In guidelines released Friday for the reopening of schools, the US Centers for Disease Control and Prevention has focused on five key Covid-19 strategies, including the universal and correct wearing of masks; physical distancing, washing of hands, cleaning facilities and improving ventilation; and contact tracing, isolation, and quarantine.
According to the agency, vaccines and testing were not among the “key” strategies and called them “additional layers” of Covid-19 prevention.
CDC Releases Guidelines For The Reopening Of Schools
The new recommendations come at a time when a national debate is on over the reopening of schools and fears overspreading the coronavirus continue to dominate the health scene, and there is a growing push to prioritize teachers for vaccinations.
CDC Director Dr. Rochelle Walensky said in a news briefing on Friday that she wanted to be clear that the agency was not mandating the reopening of schools with this operational strategy. She added, the recommendations simply provided schools a long-needed roadmap for doing so safely under different levels of disease in the community.
Walensky added that it was also known that some schools were already providing in-person instruction, and the CDC wanted them to be able to continue doing it, but the CDC knew that some were not following the recommended mitigation strategies that the CDC knew to work. Walensky said, for these schools, the CDC was not mandating that they close; rather, the CDC was providing the recommendations and highlighting the science behind them to help schools create a safe environment for schools, students, teachers and staff.
Walensky added that while each strategy was important, the CDC prioritized the first two, wearing masks and physical distancing.
These two strategies were incredibly important in areas that had a high community spread of Covid-19, which right now was the vast majority of communities in the United States, she added. The recommendations also emphasized keeping students in cohorts or “pods” to limit their contact with others and encouraged physical distancing.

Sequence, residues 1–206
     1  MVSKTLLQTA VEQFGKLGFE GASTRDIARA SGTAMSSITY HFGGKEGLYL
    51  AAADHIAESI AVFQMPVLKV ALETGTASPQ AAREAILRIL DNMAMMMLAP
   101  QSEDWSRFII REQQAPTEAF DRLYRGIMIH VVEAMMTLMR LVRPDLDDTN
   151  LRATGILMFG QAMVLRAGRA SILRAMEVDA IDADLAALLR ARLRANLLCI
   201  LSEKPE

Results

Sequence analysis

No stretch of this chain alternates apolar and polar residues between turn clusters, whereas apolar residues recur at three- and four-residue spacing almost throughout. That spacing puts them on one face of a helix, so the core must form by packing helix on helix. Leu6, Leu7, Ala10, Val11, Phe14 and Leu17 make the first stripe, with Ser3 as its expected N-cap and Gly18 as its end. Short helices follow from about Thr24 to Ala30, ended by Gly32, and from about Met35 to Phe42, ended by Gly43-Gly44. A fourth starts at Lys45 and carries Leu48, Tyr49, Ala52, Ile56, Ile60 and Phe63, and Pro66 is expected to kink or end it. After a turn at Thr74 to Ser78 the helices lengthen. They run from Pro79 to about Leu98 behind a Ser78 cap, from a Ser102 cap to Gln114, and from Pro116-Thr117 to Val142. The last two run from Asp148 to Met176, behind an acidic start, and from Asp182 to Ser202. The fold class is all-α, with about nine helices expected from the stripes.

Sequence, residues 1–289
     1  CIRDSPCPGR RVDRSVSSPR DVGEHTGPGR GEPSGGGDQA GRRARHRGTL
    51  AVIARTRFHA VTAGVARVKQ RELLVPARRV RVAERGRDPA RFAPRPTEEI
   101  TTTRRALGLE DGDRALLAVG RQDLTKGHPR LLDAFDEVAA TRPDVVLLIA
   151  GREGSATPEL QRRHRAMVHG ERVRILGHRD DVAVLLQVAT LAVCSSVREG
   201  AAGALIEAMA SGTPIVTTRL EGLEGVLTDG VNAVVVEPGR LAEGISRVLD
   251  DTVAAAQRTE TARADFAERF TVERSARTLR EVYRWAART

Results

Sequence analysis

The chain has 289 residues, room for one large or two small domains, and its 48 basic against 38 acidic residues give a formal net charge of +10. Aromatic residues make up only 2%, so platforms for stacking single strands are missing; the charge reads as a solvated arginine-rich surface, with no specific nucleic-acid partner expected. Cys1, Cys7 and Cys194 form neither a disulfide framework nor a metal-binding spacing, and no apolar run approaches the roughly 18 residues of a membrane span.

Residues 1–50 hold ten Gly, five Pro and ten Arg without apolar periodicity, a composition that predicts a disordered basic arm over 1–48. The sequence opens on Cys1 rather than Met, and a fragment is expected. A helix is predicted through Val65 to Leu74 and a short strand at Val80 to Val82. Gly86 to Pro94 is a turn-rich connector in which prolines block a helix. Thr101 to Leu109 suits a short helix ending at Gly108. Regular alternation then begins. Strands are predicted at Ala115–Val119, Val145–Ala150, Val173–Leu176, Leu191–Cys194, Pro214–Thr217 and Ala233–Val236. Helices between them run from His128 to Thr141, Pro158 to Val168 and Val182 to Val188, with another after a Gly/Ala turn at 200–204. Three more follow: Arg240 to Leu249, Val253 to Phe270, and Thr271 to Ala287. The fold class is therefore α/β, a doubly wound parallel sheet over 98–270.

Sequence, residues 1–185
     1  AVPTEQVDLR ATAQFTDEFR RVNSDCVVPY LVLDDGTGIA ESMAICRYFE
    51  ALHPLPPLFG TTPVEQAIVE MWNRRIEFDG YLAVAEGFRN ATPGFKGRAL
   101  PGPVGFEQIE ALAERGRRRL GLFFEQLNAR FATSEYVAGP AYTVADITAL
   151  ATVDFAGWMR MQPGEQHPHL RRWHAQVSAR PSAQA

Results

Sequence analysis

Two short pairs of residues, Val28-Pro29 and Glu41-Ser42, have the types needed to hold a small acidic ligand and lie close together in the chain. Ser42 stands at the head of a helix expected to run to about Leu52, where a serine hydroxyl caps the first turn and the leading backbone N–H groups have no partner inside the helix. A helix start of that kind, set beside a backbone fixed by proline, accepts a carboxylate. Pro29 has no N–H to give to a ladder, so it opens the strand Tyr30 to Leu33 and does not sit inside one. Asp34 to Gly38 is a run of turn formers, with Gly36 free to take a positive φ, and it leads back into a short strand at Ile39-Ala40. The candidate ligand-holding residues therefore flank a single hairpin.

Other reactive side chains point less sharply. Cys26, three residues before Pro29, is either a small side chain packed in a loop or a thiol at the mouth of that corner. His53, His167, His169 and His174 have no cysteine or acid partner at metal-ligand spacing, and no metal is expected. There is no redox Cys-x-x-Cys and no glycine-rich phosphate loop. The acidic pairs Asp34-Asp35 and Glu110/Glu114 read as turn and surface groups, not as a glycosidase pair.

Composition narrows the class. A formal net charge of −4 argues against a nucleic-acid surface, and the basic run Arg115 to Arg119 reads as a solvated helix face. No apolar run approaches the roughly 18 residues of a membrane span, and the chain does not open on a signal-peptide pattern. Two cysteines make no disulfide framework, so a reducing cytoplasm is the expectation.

The new recommendations further noted that the risk of Covid-19 spread in a school could be associated with how much spread there was in the surrounding community.
Walensky said on Friday that she wanted to underscore that the safest way to open schools was to ensure that there was as little disease as possible in the community. She added, it was known that the introduction and subsequent transmission of Covid-19 in schools were connected to and facilitated by the transmission of COVID-19 in the community.
The CDC recommendations included a color-coded chart to describe transmission levels, blue for low transmission, yellow for moderate, orange for substantial and red for high transmission.
In a statement Friday, President Joe Biden said, the new CDC guidelines provided the best available scientific evidence on how schools could be safely reopened, which remained one of his goals.
Biden added that Americans had sacrificed so much in the last year, but science showed that if children, educators and communities were supported with the resources they needed, kids could get back to school safely in more parts of the country sooner.
He added when his Secretary of Education was confirmed, he would task him with working alongside school administrators, educators, and parents to safely accelerate the process of the reopening of schools. He added, as many states continued to follow the CDC’s recommendation to prioritize teachers for vaccination, he urged all states to follow suit.
Biden said he would work to reopen most K-12 schools within his first 100 days in office but had stressed he would rely on health and medical experts to dictate the national guidance to reopen safely.
According to Annette Anderson, a professor in the John Hopkins University School of Education and who serves as deputy director for the new Center for Safe and Healthy Schools, who spoke to CNN on Friday, it was a challenge to guarantee or to say that US schools could open in 100 days, because of the deep investments that needed to be made around what it took to get schools ready and prepared to reopen.